A higher cellular sodium turnover rate in cultured skin fibroblasts from blacks.
Differences in cellular Na+ and K+ regulation may relate to the pathogenesis of essential hypertension and the predisposition of blacks to this disease. To explore these tenets, we examined several aspects of cellular Na+ homeostasis in serially passed, cultured skin fibroblasts from 30 subjects (15 hypertensive blacks and whites and normotensive subjects matched for sex, age, and race.) Fibroblasts from blacks demonstrated higher cellular Na+ turnover rates than did those from whites. This difference was expressed by accelerated Na+-K+ pump activity (ouabain-sensitive Na+ washout rate, 3.46 +/- 0.216 for blacks vs 1.84 +/- 0.283 mEq/L/min for whites; p = 0.0006) and a higher rate of cellular accumulation of Na+ in the presence of ouabain (0.964 +/- 0.0743 vs 0.562 +/- 0.0440 mEq/L/min for blacks and whites, respectively; p = 0.0045). Associated with these findings, fibroblasts from blacks had higher cellular Na+ concentration than did those from whites (9.78 +/- 0.512 vs 7.50 +/- 0.400 mEq/L; p = 0.0170, as measured by atomic absorption, and 7.84 +/- 0.470 vs 5.03 +/- 0.980 mEq/L; p = 0.0141, as derived from the equilibrium distribution ratio of 22Na+). It is concluded that blacks differ from whites with respect to cellular Na+ turnover rate, which is evidenced by an increased Na+ influx and accelerated Na+-K+ pump activity in their fibroblasts. Our findings support the tenet that innate racial differences in cellular Na+ regulation may underlie the predisposition of blacks to hypertension.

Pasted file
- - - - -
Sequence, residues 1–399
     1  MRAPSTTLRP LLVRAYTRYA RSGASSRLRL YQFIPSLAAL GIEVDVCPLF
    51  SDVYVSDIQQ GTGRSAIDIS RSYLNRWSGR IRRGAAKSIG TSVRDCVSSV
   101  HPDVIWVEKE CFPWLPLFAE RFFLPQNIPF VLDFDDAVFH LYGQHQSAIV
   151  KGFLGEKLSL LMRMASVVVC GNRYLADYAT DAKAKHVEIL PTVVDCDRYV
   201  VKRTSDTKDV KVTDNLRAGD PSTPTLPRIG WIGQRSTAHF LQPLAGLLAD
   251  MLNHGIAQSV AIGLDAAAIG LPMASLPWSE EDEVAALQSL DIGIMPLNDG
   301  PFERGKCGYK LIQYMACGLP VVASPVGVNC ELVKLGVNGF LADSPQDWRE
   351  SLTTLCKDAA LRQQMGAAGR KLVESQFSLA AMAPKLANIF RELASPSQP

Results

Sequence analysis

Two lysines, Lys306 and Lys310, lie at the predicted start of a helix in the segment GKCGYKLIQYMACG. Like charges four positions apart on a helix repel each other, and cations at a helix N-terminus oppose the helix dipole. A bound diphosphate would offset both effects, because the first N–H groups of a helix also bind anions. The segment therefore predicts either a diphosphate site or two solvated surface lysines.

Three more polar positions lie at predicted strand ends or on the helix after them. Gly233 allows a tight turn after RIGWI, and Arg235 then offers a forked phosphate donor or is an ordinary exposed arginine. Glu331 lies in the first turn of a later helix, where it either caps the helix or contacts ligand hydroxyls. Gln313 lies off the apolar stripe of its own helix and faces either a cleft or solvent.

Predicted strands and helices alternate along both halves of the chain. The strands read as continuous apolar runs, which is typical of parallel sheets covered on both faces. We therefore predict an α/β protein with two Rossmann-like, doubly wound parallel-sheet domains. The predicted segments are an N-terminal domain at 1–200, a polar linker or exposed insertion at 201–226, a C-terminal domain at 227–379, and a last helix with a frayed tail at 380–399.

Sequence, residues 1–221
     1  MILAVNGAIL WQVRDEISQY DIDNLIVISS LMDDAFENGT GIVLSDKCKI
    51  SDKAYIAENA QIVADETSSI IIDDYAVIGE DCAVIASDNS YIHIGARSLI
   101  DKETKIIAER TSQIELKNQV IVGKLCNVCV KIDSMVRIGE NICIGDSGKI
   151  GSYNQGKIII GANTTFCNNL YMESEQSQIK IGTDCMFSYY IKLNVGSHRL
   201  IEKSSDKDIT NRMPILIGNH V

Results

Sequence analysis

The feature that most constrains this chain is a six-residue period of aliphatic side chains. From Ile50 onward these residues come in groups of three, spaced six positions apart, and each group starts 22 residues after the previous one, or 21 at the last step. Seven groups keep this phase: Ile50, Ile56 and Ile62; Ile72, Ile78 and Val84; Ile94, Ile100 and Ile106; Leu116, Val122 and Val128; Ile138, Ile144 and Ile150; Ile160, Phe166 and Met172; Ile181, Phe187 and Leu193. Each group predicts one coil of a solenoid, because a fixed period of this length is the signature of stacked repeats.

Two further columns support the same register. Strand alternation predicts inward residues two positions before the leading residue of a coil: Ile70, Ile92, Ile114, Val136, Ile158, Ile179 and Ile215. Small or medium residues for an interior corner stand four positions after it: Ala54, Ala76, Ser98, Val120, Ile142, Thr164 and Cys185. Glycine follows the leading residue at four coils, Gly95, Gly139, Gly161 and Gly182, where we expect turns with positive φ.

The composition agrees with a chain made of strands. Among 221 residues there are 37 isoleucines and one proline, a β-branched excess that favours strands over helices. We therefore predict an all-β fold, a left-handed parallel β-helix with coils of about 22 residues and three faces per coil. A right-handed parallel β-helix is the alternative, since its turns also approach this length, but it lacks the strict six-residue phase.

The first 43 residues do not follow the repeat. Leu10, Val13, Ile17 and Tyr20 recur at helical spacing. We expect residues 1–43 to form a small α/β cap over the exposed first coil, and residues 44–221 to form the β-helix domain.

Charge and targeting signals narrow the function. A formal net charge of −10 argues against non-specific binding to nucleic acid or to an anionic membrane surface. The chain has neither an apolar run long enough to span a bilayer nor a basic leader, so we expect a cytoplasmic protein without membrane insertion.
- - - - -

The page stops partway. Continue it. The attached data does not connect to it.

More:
- Copyright © 1988 by American Heart Association